This is not to say your poster design can't use gradients, unless, of course, it specifically needs to be executed in the "flat design" style (i.e; project requirement requested from a client or professor). Hope this helps!


Flat Designs typically have no directional lighting (directional lighting refers to the sun and any other artificial source of light like a flashlight).

The torso of the LEGO minifigure in the first image makes a good use of gradients to indicate the curvature of the model.

I also don't know how to determine if the cast shadow on an element should be straight up and down or diagonal? As you can tell the cast shadow is going "down" on the circles on the background and I have the cast shadow going "diagonally" on the blocks.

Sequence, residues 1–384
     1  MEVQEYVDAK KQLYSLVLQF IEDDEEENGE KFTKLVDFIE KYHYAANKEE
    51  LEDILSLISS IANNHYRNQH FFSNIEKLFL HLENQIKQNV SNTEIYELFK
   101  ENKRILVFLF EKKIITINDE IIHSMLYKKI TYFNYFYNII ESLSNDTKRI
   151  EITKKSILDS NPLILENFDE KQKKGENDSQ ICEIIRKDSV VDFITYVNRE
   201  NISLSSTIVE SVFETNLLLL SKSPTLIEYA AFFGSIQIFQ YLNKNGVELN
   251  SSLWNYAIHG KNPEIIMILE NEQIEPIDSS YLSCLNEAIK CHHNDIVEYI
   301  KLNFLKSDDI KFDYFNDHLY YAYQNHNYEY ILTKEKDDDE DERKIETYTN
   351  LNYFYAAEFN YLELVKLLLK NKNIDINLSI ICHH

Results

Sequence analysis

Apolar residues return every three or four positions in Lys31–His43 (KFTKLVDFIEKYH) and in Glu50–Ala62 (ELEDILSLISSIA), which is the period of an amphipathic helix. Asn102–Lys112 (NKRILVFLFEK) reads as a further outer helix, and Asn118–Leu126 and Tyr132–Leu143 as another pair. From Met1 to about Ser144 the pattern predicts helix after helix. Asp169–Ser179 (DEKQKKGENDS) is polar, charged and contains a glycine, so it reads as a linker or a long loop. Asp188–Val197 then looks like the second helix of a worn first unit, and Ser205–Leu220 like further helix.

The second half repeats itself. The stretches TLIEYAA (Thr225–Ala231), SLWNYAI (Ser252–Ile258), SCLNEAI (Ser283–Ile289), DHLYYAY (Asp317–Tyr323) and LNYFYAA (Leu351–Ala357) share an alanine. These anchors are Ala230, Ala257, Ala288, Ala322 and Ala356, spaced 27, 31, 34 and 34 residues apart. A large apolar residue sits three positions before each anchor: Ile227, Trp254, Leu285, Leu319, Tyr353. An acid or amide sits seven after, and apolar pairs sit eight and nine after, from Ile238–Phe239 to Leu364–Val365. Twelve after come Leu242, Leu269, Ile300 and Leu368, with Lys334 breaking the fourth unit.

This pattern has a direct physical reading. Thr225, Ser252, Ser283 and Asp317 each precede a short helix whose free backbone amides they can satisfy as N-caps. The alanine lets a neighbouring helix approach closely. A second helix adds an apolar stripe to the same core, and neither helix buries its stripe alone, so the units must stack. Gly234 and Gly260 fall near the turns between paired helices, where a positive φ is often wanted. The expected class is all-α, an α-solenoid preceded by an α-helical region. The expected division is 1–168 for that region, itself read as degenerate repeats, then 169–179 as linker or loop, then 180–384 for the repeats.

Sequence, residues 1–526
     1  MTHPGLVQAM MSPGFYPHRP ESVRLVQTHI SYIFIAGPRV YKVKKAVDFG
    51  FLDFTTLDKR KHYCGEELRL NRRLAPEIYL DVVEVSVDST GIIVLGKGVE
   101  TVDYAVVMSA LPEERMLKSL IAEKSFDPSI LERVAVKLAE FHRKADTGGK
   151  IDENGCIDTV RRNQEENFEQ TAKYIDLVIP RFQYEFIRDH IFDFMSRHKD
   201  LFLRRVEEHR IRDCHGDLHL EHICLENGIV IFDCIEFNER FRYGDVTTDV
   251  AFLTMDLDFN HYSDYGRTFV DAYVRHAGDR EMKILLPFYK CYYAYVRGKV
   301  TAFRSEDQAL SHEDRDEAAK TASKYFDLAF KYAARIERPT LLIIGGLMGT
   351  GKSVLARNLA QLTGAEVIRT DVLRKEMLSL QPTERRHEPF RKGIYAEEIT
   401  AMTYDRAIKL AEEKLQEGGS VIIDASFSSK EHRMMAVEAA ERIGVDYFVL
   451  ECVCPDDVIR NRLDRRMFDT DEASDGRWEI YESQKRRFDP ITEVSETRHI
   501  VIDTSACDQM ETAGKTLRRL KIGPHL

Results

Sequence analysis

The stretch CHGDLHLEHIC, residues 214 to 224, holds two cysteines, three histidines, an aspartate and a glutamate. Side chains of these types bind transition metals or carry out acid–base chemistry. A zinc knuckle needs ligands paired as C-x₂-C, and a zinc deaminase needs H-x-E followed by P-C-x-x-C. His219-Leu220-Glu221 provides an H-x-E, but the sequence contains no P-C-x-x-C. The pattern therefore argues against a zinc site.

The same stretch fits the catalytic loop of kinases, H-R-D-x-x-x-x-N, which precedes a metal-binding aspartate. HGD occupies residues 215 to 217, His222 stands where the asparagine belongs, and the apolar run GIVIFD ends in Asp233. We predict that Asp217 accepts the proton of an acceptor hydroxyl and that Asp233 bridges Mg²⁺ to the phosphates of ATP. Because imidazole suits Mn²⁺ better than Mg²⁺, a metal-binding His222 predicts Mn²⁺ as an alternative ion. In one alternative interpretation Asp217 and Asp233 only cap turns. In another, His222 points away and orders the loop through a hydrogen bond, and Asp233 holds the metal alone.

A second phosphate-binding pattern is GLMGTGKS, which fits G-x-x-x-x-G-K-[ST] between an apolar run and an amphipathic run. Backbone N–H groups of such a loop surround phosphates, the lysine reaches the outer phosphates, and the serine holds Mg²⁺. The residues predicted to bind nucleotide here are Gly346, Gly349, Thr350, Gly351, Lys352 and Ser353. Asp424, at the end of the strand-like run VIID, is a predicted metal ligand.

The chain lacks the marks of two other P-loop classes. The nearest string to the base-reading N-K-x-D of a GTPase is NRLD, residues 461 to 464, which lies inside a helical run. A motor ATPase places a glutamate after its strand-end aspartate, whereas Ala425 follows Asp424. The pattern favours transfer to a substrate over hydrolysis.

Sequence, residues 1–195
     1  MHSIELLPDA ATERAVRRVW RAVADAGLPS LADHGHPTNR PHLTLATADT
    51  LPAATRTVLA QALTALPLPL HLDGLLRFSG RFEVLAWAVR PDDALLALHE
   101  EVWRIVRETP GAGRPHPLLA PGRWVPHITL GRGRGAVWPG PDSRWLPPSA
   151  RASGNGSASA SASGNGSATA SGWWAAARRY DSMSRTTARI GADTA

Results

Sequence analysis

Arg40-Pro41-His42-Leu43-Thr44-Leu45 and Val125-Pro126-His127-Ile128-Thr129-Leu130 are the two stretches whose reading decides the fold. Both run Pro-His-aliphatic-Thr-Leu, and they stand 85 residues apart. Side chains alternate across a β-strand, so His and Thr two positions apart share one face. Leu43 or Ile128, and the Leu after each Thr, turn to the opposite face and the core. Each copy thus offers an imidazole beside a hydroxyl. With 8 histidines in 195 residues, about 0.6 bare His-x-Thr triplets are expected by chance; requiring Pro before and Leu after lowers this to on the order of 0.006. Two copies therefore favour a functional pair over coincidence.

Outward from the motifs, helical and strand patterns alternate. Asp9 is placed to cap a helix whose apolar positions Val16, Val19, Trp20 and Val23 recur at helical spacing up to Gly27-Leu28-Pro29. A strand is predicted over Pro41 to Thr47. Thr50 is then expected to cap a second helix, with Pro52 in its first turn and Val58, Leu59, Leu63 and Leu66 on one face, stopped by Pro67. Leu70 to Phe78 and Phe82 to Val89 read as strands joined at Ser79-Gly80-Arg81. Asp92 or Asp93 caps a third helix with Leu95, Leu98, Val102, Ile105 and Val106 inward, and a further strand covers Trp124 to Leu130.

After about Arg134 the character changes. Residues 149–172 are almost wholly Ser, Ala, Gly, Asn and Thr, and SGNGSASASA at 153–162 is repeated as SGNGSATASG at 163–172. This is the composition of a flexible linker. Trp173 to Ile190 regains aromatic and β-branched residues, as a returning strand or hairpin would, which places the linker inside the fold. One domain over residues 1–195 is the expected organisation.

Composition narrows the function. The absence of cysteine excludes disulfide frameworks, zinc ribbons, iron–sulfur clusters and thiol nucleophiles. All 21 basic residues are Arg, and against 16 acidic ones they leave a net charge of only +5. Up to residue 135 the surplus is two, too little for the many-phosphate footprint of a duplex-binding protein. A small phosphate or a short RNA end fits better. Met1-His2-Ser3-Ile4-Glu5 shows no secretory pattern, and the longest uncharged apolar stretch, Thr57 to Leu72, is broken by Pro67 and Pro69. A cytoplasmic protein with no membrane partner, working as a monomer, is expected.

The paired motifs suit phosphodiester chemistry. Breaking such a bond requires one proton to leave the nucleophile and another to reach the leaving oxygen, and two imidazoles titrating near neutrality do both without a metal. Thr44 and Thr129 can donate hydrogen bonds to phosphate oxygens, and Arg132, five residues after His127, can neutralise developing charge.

The minifigure appears to be lit evenly from the viewers point of view whilst the bricks appear to be lit from a light source on the top-left of the poster, which is inconsistent with the general lighting of the composition.

Using the same techniques as used on the torso, you can shade the small bevels between the bricks and the studs on the brick to match the geometry.

enter image description here

P.S. The studs in the background don't align with the bricks.

enter image description here

  • If the background is further, it would make sense the studs don't align because of perspective..it doesn't bug me personally.
    – curious
    Jan 12, 2017 at 20:38
  • True, but if they were further, they would also appear to be closer together. You're probably right but that's just the impression I got.
    – Ambo100
    Jan 12, 2017 at 20:40